When my buddy Nick asked if I wanted to go on an overnight sailing trip from Berkeley to Santa Cruz, I immediately said yes. I have vague plans of sailing the world on my upcoming travels, so I’d really been wanting to get some more experience sailing offshore (particularly overnight).
Our friend was having a graduation party on Saturday afternoon and we left straight from there to the boat around 4pm. We had a crew of four and had all been drinking at the party, so spirits were high as we set off for the gate.
We motored through the bay and hit the gate right around dark. There was, as is usual, some super funky currents and chop under the bridge which made for good fun and excitement.
I was on the first shift and sailed with from 10pm to 2am, taking turns at the helm with my shift partner. The winds were blowing consistently between 15-20 knots so we sailed with just the jib. The ocean swell was also sizable and it was pretty stressful navigating through it in the dark but after a while I got the hang of it. Right around 2am we started to see bioluminescence in the wake of the boat which was really amazing, it looked like there were tiny electric currents running through the water.
I got some sleep from 2-6am, then took another shift from 6-10am. Towards the end of this shift we saw a huge humpback whale fully breaching about 200 yards off our starboard. It would slap the water with it’s pectoral fin a couple of times, then jump completely out of the water. He went through this routine about 6 times but despite our best efforts we couldn’t get much closer than 200 yards.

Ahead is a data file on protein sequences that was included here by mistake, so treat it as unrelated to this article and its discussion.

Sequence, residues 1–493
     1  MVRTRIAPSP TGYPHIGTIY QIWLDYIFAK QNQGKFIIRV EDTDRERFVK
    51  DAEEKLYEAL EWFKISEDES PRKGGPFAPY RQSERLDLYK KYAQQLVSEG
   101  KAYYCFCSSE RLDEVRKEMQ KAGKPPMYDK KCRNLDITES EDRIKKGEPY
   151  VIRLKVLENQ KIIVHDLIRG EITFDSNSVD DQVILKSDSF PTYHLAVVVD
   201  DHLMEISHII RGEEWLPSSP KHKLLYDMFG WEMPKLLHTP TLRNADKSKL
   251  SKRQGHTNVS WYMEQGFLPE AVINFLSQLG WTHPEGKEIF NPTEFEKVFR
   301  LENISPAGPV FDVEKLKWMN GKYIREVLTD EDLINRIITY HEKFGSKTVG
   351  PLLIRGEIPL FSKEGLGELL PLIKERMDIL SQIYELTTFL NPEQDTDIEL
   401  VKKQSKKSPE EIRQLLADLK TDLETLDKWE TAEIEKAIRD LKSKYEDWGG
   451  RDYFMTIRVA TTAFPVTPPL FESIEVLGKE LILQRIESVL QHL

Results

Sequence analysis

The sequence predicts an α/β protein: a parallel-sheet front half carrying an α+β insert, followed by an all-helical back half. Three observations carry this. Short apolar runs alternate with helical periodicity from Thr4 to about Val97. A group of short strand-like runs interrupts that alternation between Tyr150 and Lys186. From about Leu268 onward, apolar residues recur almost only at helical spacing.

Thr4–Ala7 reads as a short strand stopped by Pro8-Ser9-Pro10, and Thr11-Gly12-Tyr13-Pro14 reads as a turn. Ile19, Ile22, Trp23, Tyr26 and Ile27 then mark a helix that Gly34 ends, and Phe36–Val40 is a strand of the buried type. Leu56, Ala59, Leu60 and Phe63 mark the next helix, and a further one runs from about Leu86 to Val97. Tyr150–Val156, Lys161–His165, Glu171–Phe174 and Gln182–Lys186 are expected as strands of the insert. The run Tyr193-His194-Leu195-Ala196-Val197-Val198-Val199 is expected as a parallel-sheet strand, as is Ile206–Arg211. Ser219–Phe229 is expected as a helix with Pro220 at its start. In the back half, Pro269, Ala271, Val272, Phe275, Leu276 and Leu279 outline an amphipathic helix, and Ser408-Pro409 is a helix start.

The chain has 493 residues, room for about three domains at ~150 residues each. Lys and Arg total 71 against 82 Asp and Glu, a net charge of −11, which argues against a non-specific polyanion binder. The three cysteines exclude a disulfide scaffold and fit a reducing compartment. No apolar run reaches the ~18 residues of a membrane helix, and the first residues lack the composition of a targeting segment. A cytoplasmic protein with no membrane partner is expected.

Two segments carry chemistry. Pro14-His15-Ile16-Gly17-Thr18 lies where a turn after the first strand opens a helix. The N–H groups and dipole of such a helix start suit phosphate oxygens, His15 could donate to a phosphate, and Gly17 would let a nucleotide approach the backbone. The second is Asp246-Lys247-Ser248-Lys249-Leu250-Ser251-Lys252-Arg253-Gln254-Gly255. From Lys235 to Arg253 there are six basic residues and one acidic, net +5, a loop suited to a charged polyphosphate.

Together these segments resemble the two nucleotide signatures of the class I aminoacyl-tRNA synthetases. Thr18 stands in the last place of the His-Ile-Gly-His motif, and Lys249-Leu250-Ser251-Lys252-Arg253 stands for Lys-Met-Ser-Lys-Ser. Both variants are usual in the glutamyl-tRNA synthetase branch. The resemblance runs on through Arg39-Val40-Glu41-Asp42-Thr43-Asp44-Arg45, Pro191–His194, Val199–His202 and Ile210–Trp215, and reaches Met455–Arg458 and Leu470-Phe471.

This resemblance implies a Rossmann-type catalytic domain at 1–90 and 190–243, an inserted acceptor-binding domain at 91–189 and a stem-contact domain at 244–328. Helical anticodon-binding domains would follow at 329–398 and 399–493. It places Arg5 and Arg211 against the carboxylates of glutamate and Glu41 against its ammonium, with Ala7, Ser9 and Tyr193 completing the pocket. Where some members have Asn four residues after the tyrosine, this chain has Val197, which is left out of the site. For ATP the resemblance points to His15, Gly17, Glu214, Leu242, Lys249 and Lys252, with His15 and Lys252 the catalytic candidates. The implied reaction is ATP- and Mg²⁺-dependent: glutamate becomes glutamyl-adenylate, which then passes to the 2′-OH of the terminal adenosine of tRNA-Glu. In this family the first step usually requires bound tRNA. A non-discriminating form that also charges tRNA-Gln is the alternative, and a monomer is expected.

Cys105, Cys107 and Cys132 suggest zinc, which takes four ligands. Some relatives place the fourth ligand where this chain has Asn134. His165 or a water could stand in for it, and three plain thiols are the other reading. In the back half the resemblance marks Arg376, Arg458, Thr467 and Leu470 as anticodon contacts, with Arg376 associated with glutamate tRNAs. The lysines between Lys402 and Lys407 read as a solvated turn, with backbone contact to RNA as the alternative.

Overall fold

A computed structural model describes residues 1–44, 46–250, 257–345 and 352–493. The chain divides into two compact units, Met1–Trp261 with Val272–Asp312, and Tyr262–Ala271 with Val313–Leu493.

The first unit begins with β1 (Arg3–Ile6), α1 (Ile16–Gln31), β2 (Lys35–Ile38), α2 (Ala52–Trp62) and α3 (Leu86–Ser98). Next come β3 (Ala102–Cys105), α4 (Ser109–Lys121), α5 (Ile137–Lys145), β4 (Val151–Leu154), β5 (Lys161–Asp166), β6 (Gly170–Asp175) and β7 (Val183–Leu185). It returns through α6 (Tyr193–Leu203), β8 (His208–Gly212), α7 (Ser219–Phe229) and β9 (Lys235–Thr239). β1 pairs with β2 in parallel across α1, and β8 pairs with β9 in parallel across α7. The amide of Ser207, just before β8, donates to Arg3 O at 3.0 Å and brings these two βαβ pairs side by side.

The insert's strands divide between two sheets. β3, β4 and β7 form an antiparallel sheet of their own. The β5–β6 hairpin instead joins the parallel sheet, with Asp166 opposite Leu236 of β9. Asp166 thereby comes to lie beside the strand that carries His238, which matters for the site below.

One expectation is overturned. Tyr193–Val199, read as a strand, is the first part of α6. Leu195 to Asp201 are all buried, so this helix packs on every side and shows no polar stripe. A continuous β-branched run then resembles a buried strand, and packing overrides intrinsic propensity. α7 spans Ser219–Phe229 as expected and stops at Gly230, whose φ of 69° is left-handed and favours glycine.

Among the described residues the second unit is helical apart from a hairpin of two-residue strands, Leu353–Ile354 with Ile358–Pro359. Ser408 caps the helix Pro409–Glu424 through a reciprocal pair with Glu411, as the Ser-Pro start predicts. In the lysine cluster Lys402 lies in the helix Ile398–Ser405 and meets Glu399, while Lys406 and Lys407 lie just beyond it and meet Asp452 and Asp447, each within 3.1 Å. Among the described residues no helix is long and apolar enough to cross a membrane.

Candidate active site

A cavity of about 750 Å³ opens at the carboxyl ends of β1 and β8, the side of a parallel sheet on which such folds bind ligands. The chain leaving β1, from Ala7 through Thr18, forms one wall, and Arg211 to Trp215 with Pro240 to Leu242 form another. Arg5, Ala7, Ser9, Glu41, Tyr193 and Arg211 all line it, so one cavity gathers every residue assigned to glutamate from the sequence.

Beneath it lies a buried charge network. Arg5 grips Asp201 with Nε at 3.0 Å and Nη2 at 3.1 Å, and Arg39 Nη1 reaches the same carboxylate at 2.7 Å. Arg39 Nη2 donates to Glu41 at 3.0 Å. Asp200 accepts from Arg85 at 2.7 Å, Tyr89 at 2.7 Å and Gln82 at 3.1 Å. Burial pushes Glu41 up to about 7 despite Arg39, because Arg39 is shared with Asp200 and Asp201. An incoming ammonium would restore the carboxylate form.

About 2 hours later a massive Blue Whale, probably close to 80 feet, surfaced for air about 30 feet of our stern. Seeing an animal this big made the Wedy Mynd (the 36ft sloop we were on) feel very small and vulnerable out at sea. Around this time the wind completely died and we decided to motor to Half Moon Bay and refuel rather than continuing on to Santa Cruz.
While we were motoring a pod of dolphins began following up and riding just below our bow. They seemed really curious of the boat and followed us for about 20 minutes. We got some cool video of them (included in the video below) and later learned that were Pacific white-sided dolphins, which are known for bow-riding.
As soon as we left Half Moon Bay the wind picked up again and we sailed at about 8 knots the entire way back to San Francisco. The trip was a blast and even though it was only for one night it was great to get a taste of what it’s like it like to sail at night in moderately high winds and seas.